Does a Capitalist Market Require Government?Submitted by Allison Bricker on Sun, 01/26/2014 - 03:05
Forbes contributor and self-proclaimed Ayn Rand objectivist, Harry Binswanger published an article this Friday's past entitled, "Sorry Libertarian Anarchists, Capitalism Requires Government" in which he posits that the federal government is supreme all others including the several states are subordinate and that Washington must hold a monopoly on violence lest the market be overrun with terrorists, hoodlums, vigilantes, etc.
The genius of the American system is that it limited government, reining it in by a Constitution, with checks and balances and the provision that no law can be passed unless it is “necessary and proper” to the government’s sole purpose: to protect individual rights–to protect them against their violation by physical force.
Thus, even though he admits the US Constitution has failed, there is simply no other way to build a society without the government maintaining a monopoly on force.
Of course, this tired rehash of STATE necessity initiated a fierce conversation as to the substance of Mr. Binswanger, the sincerity of his bona fides, and the usual exchange of sharply tongued barbs.
Shortly thereafter, Gonzo journalist of the Liberty Movement, Christopher Cantwell offered his counter in his signature inflammatory style, "Sorry Fake Libertarians, Capitalism Requires Anarchy" in which he offers a blistering albeit abridged history of the American Republic summarized by stating:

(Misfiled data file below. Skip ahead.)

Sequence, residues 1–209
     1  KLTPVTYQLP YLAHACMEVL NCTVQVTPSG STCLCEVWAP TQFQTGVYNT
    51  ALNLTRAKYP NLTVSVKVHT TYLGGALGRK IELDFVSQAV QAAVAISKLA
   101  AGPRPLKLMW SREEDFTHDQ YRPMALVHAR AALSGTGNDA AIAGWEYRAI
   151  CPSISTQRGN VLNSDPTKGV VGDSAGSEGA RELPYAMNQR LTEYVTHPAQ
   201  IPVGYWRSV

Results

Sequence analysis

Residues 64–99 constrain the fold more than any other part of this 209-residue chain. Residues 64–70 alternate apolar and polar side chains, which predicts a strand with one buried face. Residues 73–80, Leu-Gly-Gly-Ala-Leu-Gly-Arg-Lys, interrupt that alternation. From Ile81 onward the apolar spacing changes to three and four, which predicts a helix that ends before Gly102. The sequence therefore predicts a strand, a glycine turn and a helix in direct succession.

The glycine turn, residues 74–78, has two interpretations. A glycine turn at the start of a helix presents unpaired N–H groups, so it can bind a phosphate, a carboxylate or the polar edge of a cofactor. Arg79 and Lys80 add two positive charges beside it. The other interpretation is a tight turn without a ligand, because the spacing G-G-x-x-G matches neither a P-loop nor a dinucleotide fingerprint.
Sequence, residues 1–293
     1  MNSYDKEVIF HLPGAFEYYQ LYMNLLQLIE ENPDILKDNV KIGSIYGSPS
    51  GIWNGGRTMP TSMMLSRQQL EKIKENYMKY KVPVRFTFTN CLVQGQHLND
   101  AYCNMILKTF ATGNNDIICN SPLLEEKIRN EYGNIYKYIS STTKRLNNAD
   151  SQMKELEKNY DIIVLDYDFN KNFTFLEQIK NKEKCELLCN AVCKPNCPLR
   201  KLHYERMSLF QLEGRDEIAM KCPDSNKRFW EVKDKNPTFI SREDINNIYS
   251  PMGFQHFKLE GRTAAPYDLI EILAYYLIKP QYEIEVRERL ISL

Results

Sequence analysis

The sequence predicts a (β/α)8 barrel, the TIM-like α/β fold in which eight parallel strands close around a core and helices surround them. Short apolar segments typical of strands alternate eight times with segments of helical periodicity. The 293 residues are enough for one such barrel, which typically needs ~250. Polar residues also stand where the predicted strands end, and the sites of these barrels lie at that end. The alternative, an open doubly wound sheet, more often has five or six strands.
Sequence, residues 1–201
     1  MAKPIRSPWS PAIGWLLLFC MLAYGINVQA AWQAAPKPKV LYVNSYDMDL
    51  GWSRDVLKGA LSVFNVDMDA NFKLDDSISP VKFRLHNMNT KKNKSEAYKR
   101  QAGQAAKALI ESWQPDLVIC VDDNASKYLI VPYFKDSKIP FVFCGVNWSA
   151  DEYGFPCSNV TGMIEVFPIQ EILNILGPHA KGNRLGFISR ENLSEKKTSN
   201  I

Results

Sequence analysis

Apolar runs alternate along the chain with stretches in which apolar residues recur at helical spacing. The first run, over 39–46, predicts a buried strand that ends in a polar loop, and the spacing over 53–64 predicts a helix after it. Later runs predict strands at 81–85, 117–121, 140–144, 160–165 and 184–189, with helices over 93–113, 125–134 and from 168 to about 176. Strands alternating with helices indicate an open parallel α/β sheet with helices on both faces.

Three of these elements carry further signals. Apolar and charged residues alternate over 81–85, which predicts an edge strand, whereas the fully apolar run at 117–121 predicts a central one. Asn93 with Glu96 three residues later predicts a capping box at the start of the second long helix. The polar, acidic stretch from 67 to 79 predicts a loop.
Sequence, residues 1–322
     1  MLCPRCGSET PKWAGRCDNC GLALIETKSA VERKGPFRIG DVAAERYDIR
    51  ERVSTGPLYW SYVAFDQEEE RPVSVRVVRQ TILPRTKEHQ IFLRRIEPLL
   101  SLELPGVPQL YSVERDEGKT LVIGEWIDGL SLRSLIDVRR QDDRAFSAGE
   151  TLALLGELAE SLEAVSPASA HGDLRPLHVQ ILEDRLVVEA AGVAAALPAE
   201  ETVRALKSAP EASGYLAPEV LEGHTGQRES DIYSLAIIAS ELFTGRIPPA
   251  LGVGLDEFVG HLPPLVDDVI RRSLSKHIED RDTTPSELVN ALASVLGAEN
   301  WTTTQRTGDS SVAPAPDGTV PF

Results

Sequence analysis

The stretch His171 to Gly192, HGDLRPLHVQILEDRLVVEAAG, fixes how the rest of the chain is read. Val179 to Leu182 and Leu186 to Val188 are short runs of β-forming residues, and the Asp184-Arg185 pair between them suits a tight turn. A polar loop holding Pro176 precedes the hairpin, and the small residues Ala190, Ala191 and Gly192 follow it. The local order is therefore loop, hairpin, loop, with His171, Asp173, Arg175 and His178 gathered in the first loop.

So if your fabled “land of the free” begins with slavery, central banking, debt, insurrection, and jailing reporters, only to lead up to a bloody civil war and full on fiat currency, before moving on to the income tax and modern Federal Reserve system, I’m sorry, but you don’t even know what freedom means.
This divide amongst the various factions is one not likely to subside in the near future, but it does offer us a keen opportunity to reexamine those views, which we hold dear and prefer not to jostle for fear of upsetting our own understanding. My personal preference for engaging in the challenge of ideas and the BIG conversation tends to get the best of me and thus I welcome the debate as more often than not, the intellect emerges more refined from the undertaking.